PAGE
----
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for the state governments and the lessees.

Yet Ayers perceptively views the lease as more than one of the many parvenu schemes befitting the “great barbecue”; he views it as an integral part of the larger transition from slave to capitalist social relations. For in the South, as in other post-emancipation societies, various forms of forced labor bridged the path from the old order to the new. It required a lengthy campaign on the part of free workers and the urban middle classes before the lease was laid to rest; even then the death throes were protracted and the legacy ambiguous.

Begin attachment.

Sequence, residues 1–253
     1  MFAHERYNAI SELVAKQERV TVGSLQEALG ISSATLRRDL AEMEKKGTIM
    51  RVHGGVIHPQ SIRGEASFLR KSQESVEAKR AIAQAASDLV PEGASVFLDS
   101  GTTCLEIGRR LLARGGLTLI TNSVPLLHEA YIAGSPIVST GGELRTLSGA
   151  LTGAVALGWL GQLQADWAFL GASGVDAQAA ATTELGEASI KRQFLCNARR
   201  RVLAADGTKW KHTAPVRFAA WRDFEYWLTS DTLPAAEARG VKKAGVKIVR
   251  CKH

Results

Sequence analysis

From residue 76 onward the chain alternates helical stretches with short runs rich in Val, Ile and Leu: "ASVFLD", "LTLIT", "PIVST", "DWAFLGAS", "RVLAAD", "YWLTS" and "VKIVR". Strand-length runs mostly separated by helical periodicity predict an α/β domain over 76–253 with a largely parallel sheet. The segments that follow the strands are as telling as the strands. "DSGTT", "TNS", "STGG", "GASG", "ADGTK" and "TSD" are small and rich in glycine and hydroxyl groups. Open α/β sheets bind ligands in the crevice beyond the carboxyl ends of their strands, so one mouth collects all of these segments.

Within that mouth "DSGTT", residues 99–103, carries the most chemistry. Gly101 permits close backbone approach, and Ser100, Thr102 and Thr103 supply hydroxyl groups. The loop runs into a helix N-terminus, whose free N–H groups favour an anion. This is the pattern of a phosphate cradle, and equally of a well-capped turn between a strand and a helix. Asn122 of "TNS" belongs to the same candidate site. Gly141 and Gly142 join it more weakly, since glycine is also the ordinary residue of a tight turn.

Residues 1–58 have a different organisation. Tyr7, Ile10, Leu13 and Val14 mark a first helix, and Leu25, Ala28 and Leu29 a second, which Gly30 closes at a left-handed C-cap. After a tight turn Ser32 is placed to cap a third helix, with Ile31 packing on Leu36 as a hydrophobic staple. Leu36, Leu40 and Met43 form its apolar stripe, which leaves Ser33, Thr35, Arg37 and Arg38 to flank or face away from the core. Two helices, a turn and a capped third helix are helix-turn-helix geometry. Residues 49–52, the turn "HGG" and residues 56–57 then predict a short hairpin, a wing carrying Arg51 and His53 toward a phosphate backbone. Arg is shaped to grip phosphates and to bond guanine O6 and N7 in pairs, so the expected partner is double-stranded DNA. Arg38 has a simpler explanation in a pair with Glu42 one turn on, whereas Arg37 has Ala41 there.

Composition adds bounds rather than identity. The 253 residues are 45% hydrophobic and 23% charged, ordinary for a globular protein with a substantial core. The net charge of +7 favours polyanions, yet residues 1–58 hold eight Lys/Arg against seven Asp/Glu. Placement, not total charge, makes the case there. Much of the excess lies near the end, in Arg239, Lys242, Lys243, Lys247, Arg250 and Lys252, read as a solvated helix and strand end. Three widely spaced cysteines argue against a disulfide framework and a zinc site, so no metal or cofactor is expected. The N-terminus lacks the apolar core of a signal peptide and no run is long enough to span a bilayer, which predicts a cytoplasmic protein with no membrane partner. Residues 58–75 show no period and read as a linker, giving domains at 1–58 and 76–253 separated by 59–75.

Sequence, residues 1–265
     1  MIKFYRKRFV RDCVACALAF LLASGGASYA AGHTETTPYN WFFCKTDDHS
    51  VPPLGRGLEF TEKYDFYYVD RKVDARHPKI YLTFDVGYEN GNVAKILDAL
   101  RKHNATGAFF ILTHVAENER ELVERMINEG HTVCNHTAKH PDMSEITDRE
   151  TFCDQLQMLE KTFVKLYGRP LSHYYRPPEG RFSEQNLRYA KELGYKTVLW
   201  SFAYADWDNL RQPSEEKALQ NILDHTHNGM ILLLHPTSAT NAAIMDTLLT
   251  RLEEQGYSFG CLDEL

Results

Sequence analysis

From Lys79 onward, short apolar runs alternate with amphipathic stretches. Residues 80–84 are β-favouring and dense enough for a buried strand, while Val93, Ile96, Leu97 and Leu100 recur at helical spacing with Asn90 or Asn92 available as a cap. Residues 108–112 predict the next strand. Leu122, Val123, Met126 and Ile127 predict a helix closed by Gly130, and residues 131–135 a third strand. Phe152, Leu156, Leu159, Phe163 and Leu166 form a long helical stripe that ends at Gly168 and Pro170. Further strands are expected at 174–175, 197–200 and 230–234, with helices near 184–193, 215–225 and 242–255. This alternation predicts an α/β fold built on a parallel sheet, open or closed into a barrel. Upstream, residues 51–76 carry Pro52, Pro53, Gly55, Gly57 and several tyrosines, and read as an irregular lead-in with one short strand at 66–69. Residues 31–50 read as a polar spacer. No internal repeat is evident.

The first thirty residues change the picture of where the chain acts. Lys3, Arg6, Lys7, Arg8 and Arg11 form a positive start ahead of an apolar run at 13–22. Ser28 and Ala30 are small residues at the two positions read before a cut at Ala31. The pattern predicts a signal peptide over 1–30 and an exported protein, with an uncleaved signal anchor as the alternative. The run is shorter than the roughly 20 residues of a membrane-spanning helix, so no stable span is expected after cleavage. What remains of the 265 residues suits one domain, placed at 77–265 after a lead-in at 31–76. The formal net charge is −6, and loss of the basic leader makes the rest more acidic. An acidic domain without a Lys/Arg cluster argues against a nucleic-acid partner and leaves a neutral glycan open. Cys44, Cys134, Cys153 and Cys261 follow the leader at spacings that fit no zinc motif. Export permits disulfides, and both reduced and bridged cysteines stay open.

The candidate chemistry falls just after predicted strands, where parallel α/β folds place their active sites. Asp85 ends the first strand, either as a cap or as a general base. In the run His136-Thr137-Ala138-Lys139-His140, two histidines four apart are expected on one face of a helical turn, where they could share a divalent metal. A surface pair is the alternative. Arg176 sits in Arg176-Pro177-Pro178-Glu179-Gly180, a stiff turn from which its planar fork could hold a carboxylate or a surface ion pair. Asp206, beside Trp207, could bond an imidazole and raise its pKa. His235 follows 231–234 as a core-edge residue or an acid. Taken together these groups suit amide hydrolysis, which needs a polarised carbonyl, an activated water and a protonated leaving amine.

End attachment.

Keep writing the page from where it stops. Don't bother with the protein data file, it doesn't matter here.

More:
Ayers concludes his study with a close consideration of the vigilante violence-lynching and whitecapping-that swept the Black Belt and Upcountry during the 1880s and 1890s. Reluctant to “over-explain,” he nonetheless sees the contradictory intersection of honor, republicanism, and the market provoking a social crisis. Intensifying white dread of black men violating white women did reflect the premium that honor placed upon female chastity, male virility, and the integrity of the patriarchal household. But by the 1880s a new generation of whites and blacks eyed each other across an ever-widening chasm, adding fears born of ignorance to the deeper fears born of the tenuous social balance that had characterized relatively insulated and hierarchical communities. Lynching harked to the tradition of retribution and public humiliation, and it was no accident that black victims were often considered outsiders by both races in a particular neighborhood. The great upsurge in lynchings, however, also dramatized the disintegration of relations and norms that had given the antebellum system of honor some structure of order. And it was not simply a question of race, for the increasing penetration of the market into white counties turned the wrath of communities against whites who violated local custom or represented the intrusive forces of the outside world, whether they be Mormons or federal revenue agents. If slavery served as the foundation of Southern distinctiveness before the war, the gradual and peculiar transition to capitalist relations continued to set the region apart. Jettisoned by the educated middle class, honor and its code of vengeance were perpetuated during the twentieth century by smalltown folk, and the lower classes, white and black.